Life on the cashless debit card

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The new Federal Government’s decision to scrap the cashless debit card is the subject of debate in remote parts of Western Australia, where the card has been used at trial sites in the Goldfields and the ‘East Kimberly.

The card quarantines 80% of a person’s welfare payments and cannot be used for alcohol, gambling or cash withdrawals.

The scheme was set up to try to reduce alcohol-related harm, but Deputy Social Services Minister Justine Elliot said its restrictions had “destroyed lives”.

Goldfields’ wife, Christine Donaldson, contacted the morning program to describe the shame and humiliation of being forced to use the card.

She said that as someone who had ever had a credit card, it was humiliating to have to go to shops in her community – where she was widely known – and hand over the card.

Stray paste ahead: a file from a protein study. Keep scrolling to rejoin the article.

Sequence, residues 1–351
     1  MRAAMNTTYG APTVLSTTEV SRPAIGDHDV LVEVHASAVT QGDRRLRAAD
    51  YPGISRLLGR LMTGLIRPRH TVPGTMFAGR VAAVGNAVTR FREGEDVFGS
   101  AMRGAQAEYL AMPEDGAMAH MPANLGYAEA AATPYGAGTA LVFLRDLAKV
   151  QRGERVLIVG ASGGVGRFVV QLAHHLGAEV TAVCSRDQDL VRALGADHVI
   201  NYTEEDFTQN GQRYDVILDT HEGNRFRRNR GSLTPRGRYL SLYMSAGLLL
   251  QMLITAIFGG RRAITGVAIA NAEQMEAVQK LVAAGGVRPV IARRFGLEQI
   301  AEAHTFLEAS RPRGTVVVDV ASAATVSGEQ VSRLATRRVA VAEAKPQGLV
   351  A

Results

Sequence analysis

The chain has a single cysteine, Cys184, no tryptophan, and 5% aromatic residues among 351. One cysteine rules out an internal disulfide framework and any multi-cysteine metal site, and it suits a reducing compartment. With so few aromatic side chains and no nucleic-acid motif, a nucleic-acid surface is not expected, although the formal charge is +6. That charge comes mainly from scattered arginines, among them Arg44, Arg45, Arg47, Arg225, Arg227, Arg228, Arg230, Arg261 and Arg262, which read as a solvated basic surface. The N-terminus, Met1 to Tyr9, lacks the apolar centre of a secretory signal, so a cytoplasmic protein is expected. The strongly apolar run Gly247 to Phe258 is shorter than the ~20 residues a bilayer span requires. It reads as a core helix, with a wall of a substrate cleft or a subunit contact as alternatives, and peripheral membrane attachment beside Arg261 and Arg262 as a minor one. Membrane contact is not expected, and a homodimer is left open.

She said the card was a way of controlling her people, and it was the way of the days gone by of the government when indigenous people were controlled by receiving rations.

“Now I have to have my private finances controlled by the government. I have worked for over 30 years in various positions and feel stripped of my rights to spend my money on what I desire.”

Listen to her describe what it’s like to live on a cashless welfare card.

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